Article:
Color is everywhere: Purple-tinged acanthus, a favorite since Roman times, offers both bold purple and white flowers and dramatic arched foliage while deftly filling in spaces along paths in the rose beds. Vigorous varieties of Heuchera, including 'Palace Purple,' have pink and white flowers set off by burgundy and green foliage. Stachys byzantina 'Silver Carpet' forms a white cloud around the rose gardens, sheltered beneath and trained along the brick walls. Fruit trees, strawberry plants, and raspberry canes attract birds, bringing life and sound into the garden. From the hundreds of varieties of heirloom vegetables, fruit trees, aromatic herbs, and flowers that Venezuelan-born Dutch gardener and author Elisabeth de Lestrieux originally helped the Vervoordts select for the gardens, the official list of plants on the property has since burgeoned to more than 800 varieties.
Three gardeners are employed to plant and harvest the potager, trim the hedges, shape the trees, and maintain the flower gardens. Some of their horticultural practices seem positively medieval. To train the branches of a young myrtle tree in a perfect downward curve, for instance, the gardeners tie rocks to the ends of budding branches with long, thin wire; after five or six months, the branches bend to a graceful arch and the rocks can be removed. Using another centuries-old method, pear and apple trees are espaliered—tied, trained, and pruned to grow flat against the brick walls.
"I like to refer to the historical context of this garden and maintain a sense of the traditions," says Vervoordt. "In the shadow of a 12th-century turret, it is not appropriate to have plastic flowerpots or orange hoses. I like a sense of decorum."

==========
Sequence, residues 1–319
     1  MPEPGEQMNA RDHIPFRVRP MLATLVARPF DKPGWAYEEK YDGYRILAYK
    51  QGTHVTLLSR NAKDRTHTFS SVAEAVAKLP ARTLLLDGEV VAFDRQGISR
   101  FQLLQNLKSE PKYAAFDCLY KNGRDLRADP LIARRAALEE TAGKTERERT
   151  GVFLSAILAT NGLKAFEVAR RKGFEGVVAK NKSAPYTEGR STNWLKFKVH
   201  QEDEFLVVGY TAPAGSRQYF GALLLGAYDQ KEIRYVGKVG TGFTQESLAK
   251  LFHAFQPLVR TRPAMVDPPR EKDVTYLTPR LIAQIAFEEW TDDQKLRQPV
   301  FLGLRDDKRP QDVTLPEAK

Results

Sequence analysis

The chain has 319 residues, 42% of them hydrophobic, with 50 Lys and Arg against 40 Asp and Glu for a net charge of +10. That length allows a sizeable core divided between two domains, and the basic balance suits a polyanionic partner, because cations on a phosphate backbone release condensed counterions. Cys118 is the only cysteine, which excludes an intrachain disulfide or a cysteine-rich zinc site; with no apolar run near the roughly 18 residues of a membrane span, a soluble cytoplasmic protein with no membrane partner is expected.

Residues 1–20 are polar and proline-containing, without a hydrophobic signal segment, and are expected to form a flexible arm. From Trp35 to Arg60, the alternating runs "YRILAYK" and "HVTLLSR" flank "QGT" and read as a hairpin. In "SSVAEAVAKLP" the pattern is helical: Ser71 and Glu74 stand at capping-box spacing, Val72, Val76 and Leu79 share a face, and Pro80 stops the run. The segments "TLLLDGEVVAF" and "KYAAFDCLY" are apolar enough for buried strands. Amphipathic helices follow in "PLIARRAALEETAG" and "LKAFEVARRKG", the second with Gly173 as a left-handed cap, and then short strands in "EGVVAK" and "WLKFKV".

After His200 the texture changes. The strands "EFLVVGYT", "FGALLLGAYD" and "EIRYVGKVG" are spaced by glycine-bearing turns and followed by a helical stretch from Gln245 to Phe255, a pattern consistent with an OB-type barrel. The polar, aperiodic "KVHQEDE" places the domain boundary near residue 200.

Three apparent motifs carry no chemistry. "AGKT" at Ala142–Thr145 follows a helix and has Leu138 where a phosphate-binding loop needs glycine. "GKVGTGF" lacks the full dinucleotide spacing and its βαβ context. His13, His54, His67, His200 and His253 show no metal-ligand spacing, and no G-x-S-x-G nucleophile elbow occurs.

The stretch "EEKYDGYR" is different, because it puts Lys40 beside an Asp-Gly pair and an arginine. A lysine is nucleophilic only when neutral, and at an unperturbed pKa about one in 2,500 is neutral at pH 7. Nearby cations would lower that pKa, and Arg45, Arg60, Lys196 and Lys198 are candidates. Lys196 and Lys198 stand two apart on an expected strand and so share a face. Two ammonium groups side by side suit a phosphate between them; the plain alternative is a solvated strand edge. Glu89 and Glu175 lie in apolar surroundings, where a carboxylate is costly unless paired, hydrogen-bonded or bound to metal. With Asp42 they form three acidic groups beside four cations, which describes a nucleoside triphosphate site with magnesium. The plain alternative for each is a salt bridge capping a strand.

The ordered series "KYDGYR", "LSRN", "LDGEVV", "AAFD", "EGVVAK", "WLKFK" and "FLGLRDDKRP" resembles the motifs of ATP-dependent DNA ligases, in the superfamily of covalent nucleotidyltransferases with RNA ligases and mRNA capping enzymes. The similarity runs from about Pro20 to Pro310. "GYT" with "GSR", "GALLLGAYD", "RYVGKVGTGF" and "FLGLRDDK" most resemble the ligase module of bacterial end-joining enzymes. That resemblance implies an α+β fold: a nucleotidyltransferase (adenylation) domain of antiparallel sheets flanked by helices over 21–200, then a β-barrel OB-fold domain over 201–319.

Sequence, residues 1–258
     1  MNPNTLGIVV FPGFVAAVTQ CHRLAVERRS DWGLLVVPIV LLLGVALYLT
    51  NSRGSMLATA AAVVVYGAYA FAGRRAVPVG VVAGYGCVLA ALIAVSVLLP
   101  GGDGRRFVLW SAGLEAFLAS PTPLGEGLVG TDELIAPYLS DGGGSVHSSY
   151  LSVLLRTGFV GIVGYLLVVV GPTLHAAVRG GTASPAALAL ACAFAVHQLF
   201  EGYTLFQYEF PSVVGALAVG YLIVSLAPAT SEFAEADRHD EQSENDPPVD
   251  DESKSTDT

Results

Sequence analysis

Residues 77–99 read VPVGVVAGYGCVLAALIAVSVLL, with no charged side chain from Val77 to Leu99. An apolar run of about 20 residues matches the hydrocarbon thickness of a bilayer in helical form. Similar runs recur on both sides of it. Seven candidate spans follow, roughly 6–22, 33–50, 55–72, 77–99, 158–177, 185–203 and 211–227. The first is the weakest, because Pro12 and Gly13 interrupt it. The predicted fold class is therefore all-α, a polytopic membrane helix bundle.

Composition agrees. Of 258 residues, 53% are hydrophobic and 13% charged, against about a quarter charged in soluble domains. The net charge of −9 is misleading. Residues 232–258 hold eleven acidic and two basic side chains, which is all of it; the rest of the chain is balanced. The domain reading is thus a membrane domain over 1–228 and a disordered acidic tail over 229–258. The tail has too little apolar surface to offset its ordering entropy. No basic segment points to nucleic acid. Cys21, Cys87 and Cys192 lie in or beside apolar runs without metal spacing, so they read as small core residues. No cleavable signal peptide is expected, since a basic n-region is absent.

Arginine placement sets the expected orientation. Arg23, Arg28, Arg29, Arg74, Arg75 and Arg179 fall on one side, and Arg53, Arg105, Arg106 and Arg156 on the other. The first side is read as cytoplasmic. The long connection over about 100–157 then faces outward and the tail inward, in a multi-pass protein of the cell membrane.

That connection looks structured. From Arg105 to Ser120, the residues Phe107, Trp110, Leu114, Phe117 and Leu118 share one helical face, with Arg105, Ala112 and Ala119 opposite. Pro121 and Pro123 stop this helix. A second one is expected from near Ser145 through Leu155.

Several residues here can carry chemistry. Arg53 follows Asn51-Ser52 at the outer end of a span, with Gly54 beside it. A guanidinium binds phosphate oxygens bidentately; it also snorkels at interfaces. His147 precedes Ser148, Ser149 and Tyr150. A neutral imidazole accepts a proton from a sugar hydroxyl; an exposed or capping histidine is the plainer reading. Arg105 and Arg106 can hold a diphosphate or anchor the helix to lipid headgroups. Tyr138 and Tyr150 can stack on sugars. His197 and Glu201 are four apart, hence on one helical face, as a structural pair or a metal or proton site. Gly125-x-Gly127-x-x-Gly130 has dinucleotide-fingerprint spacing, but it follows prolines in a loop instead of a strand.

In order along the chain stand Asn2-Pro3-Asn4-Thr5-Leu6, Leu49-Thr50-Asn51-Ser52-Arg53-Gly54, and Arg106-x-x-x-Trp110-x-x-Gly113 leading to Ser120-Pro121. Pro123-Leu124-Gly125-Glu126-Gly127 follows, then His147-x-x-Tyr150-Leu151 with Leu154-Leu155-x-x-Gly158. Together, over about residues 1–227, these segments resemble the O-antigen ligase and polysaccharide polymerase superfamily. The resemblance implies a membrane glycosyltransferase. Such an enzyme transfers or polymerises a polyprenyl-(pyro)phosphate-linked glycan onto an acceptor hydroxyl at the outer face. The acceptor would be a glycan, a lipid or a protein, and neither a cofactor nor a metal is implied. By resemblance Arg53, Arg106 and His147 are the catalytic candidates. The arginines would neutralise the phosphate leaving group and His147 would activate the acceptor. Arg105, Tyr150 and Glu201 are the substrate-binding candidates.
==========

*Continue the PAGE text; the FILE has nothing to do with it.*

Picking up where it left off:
Year-round, even on the grayest of winter days, May Vervoordt takes her secateurs and a large basket outside to clip armfuls of branches or blossoms for the castle's rooms. Sprigs of blue campanulas are placed in Chinese export vases in the blue and white dining room. Perfumed pink 'Maiden's Blush' roses are arranged in silver goblets on a Rococo table in the hall. Wild branches of mauve rhododendrons arch over a cream linen sofa in the Oriental room.
Nearly every day in spring and summer, the family takes drinks, lunch, or dinner out on the terrace to enjoy a succession of roses, wisteria, and sunflowers at their best. "We often invite friends to come and stay at the castle for the weekend so that we have an excuse to have dinner in the garden, or set up a lunch near the wisteria when its blooming," says May.
For a luncheon on the terrace last spring, the chef harvested herbs, fruits, and vegetables from the potager. A light salad of young lettuces and arugula was followed by poached trout on a bed of dill, and asparagus tips and new potatoes with tarragon and lemon verbena. As the warm afternoon sun lulled guests into meditations on the perfect symmetry of the clipped box hedges, the chef brought forth his grand finale: a plate festooned with fresh raspberries, red currants, figs, and mint, with honey from the Vervoordts' own hives. Here in this green world of rampant roses, voluptuous peonies, and tangled clematis, everyone feasted upon the bounty of the garden.